- MAS served beyond its normal duties: CEO
- 66,000 ICs issued to Sabah immigrants
- Mother, daughter stranded at airport
- ‘ Accept reality, Anwar’
- Birthday outing takes tragic turn
- Zahid: Probe into Lahad Datu intrusion completed
- Guan Eng: State govt has the right to hold rally
- Mama proposes RM6,000 fee
- Malaysians easy target for London tricksters
- 'Rule of law crucial to nation's integrity'
- Teacher acquitted of molest charge
- 4 killed in 3 cars and motorcycle crash at MRR2
- Retired Anglican priest convicted of sex abuse
- Water woes for KL, Selangor folk
- EPL: Wenger vows to spend More
HYPED COVERAGE: It must censor the individual and focus on the event instead
"THE silicon chip inside her head gets switched to overload. And nobody's gonna go to school today, she's going to make them stay at home. And daddy doesn't understand it, he always said she was as good as gold. And he can see no reason, 'cause there are no reasons. What reason do you need to be shown?"
On July 20, in Aurora, Colorado, at a midnight screening of The Dark Knight Rises, a man dressed in black armoured clothing and a gas mask opened fire upon the crowd. He silently made his way up the aisle of the cinema shooting anyone and everyone in his way. He called himself The Joker.
Two minutes. That was all the time it took for one man to kill 12 people, injure 59, and tear through the lives of hundreds of their friends and relatives. Hundred and twenty seconds, and an AR-15 military style semi-automatic assault rifle, and a 12-gauge Remington shotgun, and a .40 calibre Glock handgun.
The 24-year-old (clearly insane -- if not by clinical verdict then by consequence of his actions) had carried out his monstrous mission with painstaking premeditation. Over the past two months, he had legally purchased a veritable arsenal of weaponry and ammunition, he had carefully planned his method of attack, and he had booby-trapped his home.
In the 11 days since, the discourse surrounding the shootings have gone down a rather predictable route. There have been calls by some for a renewed debate about gun control in America. Violence in movies is once again being blamed for violence in the streets. Parents are being criticised for taking their children to the movies. And all of this while one suburban American community struggles to come to terms with yet another senseless act of violence.
The more concerning conversation, however, is just how the media conducts itself in these situations. The public have become so used to the idea of second-by-second news coverage in moments of great crises that they often overlook its repercussions.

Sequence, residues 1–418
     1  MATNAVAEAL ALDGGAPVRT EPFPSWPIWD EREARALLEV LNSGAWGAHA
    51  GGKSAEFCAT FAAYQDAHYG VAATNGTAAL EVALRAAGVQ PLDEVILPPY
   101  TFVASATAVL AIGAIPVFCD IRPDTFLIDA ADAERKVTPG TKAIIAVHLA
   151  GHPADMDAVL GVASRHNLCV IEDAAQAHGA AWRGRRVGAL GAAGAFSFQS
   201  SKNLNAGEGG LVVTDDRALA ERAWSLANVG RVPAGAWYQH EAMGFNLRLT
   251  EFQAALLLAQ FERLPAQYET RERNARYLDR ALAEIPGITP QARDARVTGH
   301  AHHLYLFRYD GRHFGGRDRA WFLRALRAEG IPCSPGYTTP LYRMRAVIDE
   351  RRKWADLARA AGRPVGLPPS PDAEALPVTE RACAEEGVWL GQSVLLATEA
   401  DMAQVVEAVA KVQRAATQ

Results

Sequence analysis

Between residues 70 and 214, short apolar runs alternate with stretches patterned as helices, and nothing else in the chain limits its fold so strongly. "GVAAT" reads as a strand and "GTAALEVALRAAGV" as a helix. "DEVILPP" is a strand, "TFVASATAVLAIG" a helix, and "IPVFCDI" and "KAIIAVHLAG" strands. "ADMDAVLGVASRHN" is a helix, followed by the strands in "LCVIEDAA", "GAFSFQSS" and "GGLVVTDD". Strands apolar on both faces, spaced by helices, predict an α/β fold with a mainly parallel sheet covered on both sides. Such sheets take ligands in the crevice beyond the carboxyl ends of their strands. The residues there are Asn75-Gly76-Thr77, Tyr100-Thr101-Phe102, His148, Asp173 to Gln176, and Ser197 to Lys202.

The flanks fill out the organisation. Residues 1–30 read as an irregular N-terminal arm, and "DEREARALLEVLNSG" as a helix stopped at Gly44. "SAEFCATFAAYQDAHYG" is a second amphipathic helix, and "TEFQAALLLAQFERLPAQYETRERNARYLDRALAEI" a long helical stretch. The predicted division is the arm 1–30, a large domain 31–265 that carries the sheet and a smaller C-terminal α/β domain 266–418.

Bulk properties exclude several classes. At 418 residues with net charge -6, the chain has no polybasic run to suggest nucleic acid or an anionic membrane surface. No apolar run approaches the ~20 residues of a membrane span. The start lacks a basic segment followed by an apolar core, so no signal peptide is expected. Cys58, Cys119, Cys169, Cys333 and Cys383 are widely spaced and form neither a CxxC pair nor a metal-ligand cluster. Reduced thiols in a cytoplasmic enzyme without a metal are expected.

Twenty-four-hour news has created such an insatiable appetite for stories like these that their haste often leads to reporting that is either distorted or misleading. Everything from the perpetrators of a crime, to their affiliations and motivations, is based on wild speculation. In fact, we are inundated with so much opinion and editorial that the facts often get buried under layers and layers of theory and conjecture. So much so that everything we think we know after the first few hours of an event turns out to be wrong. We experienced it after Columbine, after 9/11, and after the Norway massacre.
What's more, given the studies showing that mass shootings have a tendency to trigger other copycat attacks, how wise is it really to have such hyped media coverage? The power of suggestion is, after all, a considerable thing. And we all know that it doesn't take much to set off yet another loony with a gun.
And then, there is the whole healing process. Mourning is a private affair. It cannot take place on national television or in the pages of daily newspapers. Healing takes time and space. The 12 who died in Aurora need to rest in peace and the media would do well to make themselves scarce as to allow it to happen.
There needs to be a new standard operating procedure when it comes to the reporting of such events. Journalists should strive to tell the most boring version of the story possible. It should be focused on the event and not the individual. It should be about causes and effects. Media outlets should try their damnedest to avoid sensationalising the story. Page one should be about the consequences of such a shooting on the community at large. It should not be splashed with the words "I'm the Joker" in all caps.
The public at large does not benefit in any way when we give this madman his 15 minutes of fame. He is unworthy of our attention and we are playing right into his hands when we give it to him. Because the name of the individual responsible is unimportant. He or she will be forgotten in a matter of news cycles. It is the moment that is important. It is the moment that will linger in people's memories. Think of it not as censorship by collusion. Think of it as punishment.